One of the cases that brought the ruling involves a 14-year-old who beat a man with a baseball bat, robbed him and left him to burn to death in a trailer nearly 10 years ago in Lawrence County, Ala. The defendant was 14 at the time.

The other case involved an Arkansas defendant who also was sentenced to life without parole for a homicide committed at age 14. But in that case, the teenager did not do the killing but participated in a robbery that ended in a killing by someone else.

The Supreme Court majority reversed lower court rulings supporting the sentences.

3 Out Of 4 Americans Don’t Have Sufficient Savings

A new survey conducted by shows that only 25 percent of Americans have saved six months of expenses. And 28 percent have no savings at all.

The data reveal the dire reality for many underemployed and unemployed Americans.

“Incomes are largely stagnant, so it’s difficult for people to make significant headway on savings when household expenses are creeping higher but incomes are not,” said Greg McBride, senior financial analyst for “Prolonged unemployment has also depleted the savings of many people who at one time had a more appropriate cushion.”

The survey concluded that nearly 50 percent of people did not have three months of savings. Some people may use this figure as proof of an improving economy — six years ago, 61 percent did not have three months of savings. But the reality is that Americans were wealthier in 2006.

The discrepancy is likely due to the fact that, six years ago, people were more confident in their earning potential. Plus, analysts note that savings accounts were lower in 2006 because people viewed their house as an investment.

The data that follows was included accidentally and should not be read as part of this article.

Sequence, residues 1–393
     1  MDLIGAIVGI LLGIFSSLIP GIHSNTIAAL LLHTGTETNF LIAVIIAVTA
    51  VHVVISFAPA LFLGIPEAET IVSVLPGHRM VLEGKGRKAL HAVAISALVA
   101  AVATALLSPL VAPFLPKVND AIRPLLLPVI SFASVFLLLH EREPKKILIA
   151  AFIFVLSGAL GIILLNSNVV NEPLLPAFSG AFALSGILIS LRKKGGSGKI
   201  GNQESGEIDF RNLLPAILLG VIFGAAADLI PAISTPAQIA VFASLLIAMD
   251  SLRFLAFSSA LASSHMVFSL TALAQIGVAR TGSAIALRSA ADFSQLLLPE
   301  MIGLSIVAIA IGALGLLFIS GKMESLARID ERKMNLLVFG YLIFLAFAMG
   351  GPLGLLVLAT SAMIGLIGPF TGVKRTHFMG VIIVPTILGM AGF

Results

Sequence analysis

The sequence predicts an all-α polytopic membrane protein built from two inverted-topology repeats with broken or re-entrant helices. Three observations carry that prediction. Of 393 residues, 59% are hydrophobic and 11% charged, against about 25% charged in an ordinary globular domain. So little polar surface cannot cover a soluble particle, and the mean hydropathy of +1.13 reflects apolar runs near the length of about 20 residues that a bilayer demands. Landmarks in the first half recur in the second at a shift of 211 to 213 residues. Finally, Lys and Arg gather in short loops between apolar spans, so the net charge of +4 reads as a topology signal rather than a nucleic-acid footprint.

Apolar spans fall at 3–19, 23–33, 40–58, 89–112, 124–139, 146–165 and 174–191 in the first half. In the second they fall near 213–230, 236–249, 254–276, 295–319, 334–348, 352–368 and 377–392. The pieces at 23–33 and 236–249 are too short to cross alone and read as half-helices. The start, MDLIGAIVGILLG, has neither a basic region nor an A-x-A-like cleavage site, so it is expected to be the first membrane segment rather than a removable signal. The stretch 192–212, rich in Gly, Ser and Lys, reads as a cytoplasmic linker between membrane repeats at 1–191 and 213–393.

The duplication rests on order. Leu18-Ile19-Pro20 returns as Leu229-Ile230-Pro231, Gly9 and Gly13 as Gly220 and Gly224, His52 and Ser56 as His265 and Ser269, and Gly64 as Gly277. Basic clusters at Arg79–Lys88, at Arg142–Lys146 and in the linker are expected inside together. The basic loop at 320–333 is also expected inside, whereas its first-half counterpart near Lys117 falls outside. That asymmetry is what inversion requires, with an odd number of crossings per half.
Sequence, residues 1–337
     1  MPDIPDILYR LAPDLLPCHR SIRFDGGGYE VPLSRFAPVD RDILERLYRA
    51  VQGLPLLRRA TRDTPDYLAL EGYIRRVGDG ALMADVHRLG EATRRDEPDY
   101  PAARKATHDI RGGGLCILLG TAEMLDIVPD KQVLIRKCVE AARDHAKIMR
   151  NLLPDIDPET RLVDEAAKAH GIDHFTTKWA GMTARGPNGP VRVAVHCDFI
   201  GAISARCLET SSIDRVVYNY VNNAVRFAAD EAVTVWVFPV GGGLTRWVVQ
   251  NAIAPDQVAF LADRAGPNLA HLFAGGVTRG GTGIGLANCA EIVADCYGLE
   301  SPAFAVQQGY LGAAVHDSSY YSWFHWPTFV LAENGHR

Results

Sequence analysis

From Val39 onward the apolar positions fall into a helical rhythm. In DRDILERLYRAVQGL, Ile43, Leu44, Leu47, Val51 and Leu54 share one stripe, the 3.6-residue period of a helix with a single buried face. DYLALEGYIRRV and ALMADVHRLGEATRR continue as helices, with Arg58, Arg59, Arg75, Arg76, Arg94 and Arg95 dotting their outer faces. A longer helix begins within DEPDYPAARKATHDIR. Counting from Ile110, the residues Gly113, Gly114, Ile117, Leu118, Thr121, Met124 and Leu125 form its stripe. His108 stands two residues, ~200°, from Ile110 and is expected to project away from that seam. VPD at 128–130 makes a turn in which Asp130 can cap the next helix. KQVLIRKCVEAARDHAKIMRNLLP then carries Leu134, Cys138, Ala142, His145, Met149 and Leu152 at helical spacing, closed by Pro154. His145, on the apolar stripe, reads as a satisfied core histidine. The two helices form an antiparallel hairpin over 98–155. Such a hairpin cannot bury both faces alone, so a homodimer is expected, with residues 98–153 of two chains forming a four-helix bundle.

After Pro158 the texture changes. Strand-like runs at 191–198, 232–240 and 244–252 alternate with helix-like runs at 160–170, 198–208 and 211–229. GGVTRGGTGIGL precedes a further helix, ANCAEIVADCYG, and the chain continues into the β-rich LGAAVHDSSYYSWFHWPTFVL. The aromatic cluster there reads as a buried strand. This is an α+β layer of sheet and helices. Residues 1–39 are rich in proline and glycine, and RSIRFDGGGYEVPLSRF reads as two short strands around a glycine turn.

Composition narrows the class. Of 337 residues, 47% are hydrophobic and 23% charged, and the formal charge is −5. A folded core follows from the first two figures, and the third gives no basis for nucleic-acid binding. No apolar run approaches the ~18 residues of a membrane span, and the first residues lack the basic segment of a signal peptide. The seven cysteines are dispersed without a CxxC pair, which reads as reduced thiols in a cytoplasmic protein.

The Fast And The Spurious X: Oh, Yes, They Did!

Last Thursday’s White House press briefing was a fairly standard affair. Pressed by the few reporters in attendance whose primary concern was neither parroting Democratic talking points nor fixing their hair, President Barack Obama’s chief sock puppet Jay Carney awkwardly attempted to portray the Operation Fast and Furious scandal as a “fishing expedition.” Carney lied, feigned ignorance, sneered, whined and mocked the overwhelming number of Americans who want answers about Obama’s gift of weapons to Mexican narcoterrorists. In other words, it was another Thursday in the Obama White House.

And then, Carney treated observers to what his boss might have called a “teachable moment.” During his faux-casual dismissal of the disastrous OFF and its tragic consequences, Carney forgot border agent and OFF victim Brian Terry’s name.

We already know that neither Obama nor Holder has apologized to Terry’s family for the murder of their son at the hands of narcoterrorists armed by the Obama Administration. We also know from recent events that senior members of the Obama Administration have repeatedly lied to the Nation and to Congress about the development and implementation of OFF. Holder perjured himself — oops, “misspoke” — on at least three separate occasions. And in recent days, we have watched as the Democratic Party has thrown in with Obama and Holder for better or worse (much, much worse) on the whole affair. House Minority Leader Nancy Pelosi concocted the theory that the entire investigation is a Republican conspiracy:

They’re going after Eric Holder because he is supporting measures to overturn these voter suppression initiatives in the states…It is a plan on the part of Republicans. These very same people who are holding him in contempt are part of a nationwide scheme to suppress the vote.